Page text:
Real Talk: On Being Forty, Happy, and Embracing Singlehood

Real Talk: On Being Forty, Happy, and Embracing Singlehood

Despite my personal and professional achievements, the first question out of (almost) everyone’s mouth when they see me is the ever-looming, “So, are you seeing anyone special?” It is said with a concerned tone, a hopeful smile, and an antiquated belief that at 40, my goods are a week from spoiling. I will undoubtedly die alone if I don’t lock someone down by next Tuesday.

I bite back my somewhat cheeky sarcasm and do not voice my clever (sadly untrue) retort, “Well actually, I am having acrobatic sex with several high-qualified men right now, but that’s more for cardio. No one I’d classify as special though.” No one would buy it anyway; I hate doing cardio.

Instead, I reply with a simple, “I’m actually really happy with my life right now. It’s nowhere near ideal, but still, I really love the space I’m in. If there’s an irresistible man who is living an equally amazing life he loves and wants to open it up for me, I will be more than happy to put aside my singleness. However, if that doesn’t happen, I’ll keep waking up every day solo in my king-size bed and playing my morning playlist while I sing and dance my way to the French press without input from anyone else, thank-you-very-much.”

The idea that a woman’s happiness doesn’t need to come from being part of a couple isn’t a new concept in the least, but it’s one that is still hardwired today. If a woman is 40 and single, she must be a tragic Miss Havisham character and not a bold and daring woman just out there living a big life and accomplishing her goals. But here’s some news, there are more and more of us are taking this route of consciously being single instead of wearing it like a death sentence. In 2009, more than half of the women in America were unmarried and out-number married women. Why? Most experts point to the fact that women are no longer economically, socially, or sexually dependent on men. Check the narrative because it’s changing; more women are embracing singlehood and doing so vocally.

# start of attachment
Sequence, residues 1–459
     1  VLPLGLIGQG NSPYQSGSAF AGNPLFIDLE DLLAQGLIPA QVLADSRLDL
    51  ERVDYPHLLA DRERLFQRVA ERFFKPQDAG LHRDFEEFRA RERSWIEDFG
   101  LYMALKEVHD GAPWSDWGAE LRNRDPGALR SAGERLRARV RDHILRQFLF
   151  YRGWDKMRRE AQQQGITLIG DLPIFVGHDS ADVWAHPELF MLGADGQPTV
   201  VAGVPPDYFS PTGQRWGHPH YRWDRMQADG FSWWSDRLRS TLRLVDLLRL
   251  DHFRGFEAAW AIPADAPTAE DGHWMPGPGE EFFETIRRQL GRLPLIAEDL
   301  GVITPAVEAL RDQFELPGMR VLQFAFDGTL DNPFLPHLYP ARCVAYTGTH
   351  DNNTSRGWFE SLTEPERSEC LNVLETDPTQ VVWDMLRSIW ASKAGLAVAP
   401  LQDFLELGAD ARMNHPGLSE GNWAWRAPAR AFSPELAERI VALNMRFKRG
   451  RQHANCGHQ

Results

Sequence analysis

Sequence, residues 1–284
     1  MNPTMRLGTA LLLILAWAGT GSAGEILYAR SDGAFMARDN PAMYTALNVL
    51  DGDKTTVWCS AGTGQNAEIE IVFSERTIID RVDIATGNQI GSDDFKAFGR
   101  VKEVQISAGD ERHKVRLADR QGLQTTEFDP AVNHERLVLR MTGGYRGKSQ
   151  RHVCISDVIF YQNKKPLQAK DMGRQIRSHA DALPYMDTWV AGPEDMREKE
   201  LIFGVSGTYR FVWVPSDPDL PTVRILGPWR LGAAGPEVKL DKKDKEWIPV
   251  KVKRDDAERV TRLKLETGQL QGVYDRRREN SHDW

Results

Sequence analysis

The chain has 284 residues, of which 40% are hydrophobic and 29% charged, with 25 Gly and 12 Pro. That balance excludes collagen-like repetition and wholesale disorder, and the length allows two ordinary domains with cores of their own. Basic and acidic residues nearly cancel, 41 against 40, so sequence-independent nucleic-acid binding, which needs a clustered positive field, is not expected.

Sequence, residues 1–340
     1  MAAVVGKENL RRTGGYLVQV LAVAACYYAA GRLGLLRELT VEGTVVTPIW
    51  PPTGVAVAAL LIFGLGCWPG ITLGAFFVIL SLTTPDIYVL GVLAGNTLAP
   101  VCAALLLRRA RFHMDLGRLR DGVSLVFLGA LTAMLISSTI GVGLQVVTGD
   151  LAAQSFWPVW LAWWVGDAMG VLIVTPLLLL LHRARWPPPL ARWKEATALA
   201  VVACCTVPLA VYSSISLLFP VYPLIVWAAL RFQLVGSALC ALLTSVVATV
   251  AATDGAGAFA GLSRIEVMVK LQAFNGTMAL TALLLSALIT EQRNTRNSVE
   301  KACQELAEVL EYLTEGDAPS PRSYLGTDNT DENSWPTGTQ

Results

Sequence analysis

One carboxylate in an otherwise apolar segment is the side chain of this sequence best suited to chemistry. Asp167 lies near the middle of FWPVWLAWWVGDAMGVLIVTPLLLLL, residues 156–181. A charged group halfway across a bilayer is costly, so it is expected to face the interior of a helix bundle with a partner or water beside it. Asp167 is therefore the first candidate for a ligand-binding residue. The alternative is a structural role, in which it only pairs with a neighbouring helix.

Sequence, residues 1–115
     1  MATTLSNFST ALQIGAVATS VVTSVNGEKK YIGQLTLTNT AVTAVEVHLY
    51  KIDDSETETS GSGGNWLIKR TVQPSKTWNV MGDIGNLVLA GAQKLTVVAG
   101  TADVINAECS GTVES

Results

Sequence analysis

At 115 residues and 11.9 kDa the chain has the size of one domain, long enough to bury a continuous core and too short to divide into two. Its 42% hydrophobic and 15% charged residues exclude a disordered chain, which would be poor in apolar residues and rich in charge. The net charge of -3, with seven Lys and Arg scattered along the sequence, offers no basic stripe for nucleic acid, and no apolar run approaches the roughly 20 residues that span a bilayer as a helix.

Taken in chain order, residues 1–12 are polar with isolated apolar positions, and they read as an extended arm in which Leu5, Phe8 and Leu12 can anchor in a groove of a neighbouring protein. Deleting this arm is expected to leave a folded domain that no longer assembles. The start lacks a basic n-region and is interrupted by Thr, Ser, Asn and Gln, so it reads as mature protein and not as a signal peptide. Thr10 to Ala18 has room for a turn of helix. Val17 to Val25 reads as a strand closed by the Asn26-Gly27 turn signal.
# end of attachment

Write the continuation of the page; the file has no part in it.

I’m not single because I believe marriage is a patriarchal construct designed to keep women subservient. I’m single because that suits my goals and needs best right now. I don’t want to get into a relationship just to have one or seem valid in a society that supports this type of rubbish. I figured something out about myself after nearly three decades of boy-chasing. I love men, hate the artifice of dating, and won’t tailor my entire identity to fit anyone’s mold. I realized I didn’t need a man to witness my life for it to have meaning. I validate my own life; I don’t need someone else to do that for me.

Being single, and truly embracing it, has given me more, thus far, than any romantic relationship has. It’s given me courage and pardon my language, balls-to-the-wall doggedness, in pursuing even my loftiest goals and bringing them to fruition. It has given me the space to focus on myself and do an honest inventory of what is working and what isn’t, and then putting the time and energy into evolving into my best self. It also led me to take a period where I dated myself and found what I want in a partner (and what I need to work on) when the time comes to consider a relationship again.

People will still ask, “Aren’t you worried you’ll die alone?” (Um, we technically all die alone unless you are part of a cult suicide and that seems like too much commitment for me). But call me crazy, I figure I’ll have a few people around when that happens, even if I don’t lock down a man with my sex A-game, snuggle wars, or sandwich making abilities.

I hate to quote T-Swifty, but she said it right when she sang, “Being alone is not that same as being lonely.”

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